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Azerbaijan and Israel have engaged in intense cooperation since 1992. Azerbaijan is one of the few majority Muslim countries besides Turkey, Egypt, Jordan and the former Soviet republics to develop bilateral strategic and economic relations with Israel. This relationship is relatively discreet: According to a 2009 U.S. diplomatic memo, made public through Wikileaks, Azeri president Ilham Aliyev once compared his country's relationship with Israel to an iceberg: "Nine-tenths of it is below the surface."
On October 18, 1991, the declaration of the Parliament of Azerbaijan restored the country's independence, and, in November 1991, Turkey became the first state to formally recognize it. On December 25, 1991, Israel formally recognized the independence of Azerbaijan, becoming one of the first states to do so, and established diplomatic relations with Azerbaijan on April 7, 1992.
Azerbaijan was visited by David Harris, executive director of the American Jewish Committee, in July 2010, shortly after the visit of Hillary Clinton to Baku. During the reception, Harris said Azerbaijan presented cultural, strategic and political importance.
Azerbaijan is home to some 12,000 Mountain Jews, residing primarily in Baku and Qırmızı Qəsəbə settlement in the Quba district of Azerbaijan. Mountain Jews have been living in Azerbaijan for close to 1500 years; they are the descendants of Persian Jews. During the conquest by the Islamic Caliphate, Arabs settled an allied Jewish tribe in the neighborhoods of Baku; in 1730 Jews were officially allowed to put down roots and own property in Quba. There are also nearly 5000 Ashkenazi Jews living mostly in Baku. The first Jewish Sochnut school in the Soviet Union was opened in 1982 in Baku, then capital of Azerbaijan SSR.
Israeli–Azerbaijani ties have been expanding since the very early 1990s. The strategic relationship included cooperation in trade and security matters, cultural and educational exchanges, etc. Relations entered a new phase in August 1997 during the visit of then the Israeli prime minister Benjamin Netanyahu to Baku. Since then Israel has been developing closer ties with Azerbaijan and have helped modernize the Armed Forces of Azerbaijan. Israeli military is said to have been a major provider of battlefield aviation, artillery, antitank, and anti-infantry weaponry to Azerbaijan.
In 2009, Israeli President Shimon Peres made a visit to Azerbaijan where military relations were expanded further, with the Israeli company Aeronautics Defense Systems Ltd announcing it was going to build a factory in Baku.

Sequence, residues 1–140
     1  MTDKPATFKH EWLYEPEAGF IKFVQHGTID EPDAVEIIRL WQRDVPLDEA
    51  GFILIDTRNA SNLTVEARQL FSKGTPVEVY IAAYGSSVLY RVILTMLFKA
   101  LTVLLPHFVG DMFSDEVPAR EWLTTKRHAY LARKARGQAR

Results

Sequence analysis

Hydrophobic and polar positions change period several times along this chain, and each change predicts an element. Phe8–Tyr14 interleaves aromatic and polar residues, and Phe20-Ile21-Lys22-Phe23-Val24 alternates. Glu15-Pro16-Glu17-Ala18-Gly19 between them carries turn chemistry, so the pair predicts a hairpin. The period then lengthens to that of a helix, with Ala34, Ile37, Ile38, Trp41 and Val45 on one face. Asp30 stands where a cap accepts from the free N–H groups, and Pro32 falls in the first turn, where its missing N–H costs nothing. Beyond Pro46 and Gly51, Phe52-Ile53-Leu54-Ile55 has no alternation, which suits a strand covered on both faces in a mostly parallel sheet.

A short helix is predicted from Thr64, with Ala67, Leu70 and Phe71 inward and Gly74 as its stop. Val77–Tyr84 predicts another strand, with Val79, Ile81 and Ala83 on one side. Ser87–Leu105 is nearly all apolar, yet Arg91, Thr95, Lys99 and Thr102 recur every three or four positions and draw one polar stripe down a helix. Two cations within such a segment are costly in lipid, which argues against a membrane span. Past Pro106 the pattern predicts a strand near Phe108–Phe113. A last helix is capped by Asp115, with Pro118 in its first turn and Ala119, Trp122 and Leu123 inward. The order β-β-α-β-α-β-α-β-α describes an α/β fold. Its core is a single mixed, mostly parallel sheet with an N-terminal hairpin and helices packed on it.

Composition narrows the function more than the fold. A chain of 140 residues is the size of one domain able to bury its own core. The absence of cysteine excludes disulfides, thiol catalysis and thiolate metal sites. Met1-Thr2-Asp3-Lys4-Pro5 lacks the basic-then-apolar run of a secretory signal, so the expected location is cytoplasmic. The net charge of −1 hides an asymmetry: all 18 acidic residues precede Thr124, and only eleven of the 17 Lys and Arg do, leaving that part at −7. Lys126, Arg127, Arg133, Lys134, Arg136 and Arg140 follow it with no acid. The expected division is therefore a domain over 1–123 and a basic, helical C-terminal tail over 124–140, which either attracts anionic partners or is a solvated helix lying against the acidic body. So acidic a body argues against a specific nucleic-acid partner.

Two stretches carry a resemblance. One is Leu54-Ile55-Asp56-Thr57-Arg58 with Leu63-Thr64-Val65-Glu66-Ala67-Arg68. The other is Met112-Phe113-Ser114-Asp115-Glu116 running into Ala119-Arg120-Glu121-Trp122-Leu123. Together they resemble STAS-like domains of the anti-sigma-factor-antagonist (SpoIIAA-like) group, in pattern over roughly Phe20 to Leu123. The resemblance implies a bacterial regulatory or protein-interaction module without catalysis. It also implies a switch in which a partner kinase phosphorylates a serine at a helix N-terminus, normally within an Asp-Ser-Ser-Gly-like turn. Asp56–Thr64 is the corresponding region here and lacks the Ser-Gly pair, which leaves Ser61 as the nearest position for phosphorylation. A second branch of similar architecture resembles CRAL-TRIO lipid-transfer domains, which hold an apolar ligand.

In 2010, Azerbaijani President Ilham Aliyev issued a decree banning the issue of visas in the country's international airports; foreigners henceforth had to apply for visas at the nearest Azerbaijani consulate. Israel and Turkey were the only two countries whose citizens were unaffected by the new law.
In 2016, current Defence Minister of Israel Avigdor Lieberman supported position of Azerbaijan in the 2016 Armenian–Azerbaijani clashes by calling it "absolutely justified". Furthermore, Mr.Lieberman held Armenia responsible for provoking the conflict in April 2016.
Following an October 2001 meeting with Israeli ambassador Eitan Naeh, Azerbaijan's then president Heydar Aliyev declared that the two countries had identical positions in the fight against international terrorism. Israeli intelligence helps collect human intelligence about what they view as extremist organizations in the region. One of the groups, Hizb ut-Tahrir, which seeks the annihilation of the state of Israel, threatens both Jerusalem and Baku. Hizb ut-Tahrir is suspected of having several hundred members in Azerbaijan, and several members of it were arrested and prosecuted by Azerbaijani authorities.
In 2008, a plot was foiled to bomb the Israeli Embassy in Baku, which is located in a high-rise building along with the Thai and Japanese embassies. Two Hezbollah militants went on trial for the attempt in May 2009. Local police narrowly averted the potential disaster, which involved placing three or four car bombs around the high-rise complex to carry out the attack. Groups planned the bombing in retaliation for the 2008 assassination in Damascus, Syria of Hezbollah's second in command Imad Mughniyah, which the Lebanese group blamed on Israel. News reports suggested Iran was involved in the plan as well.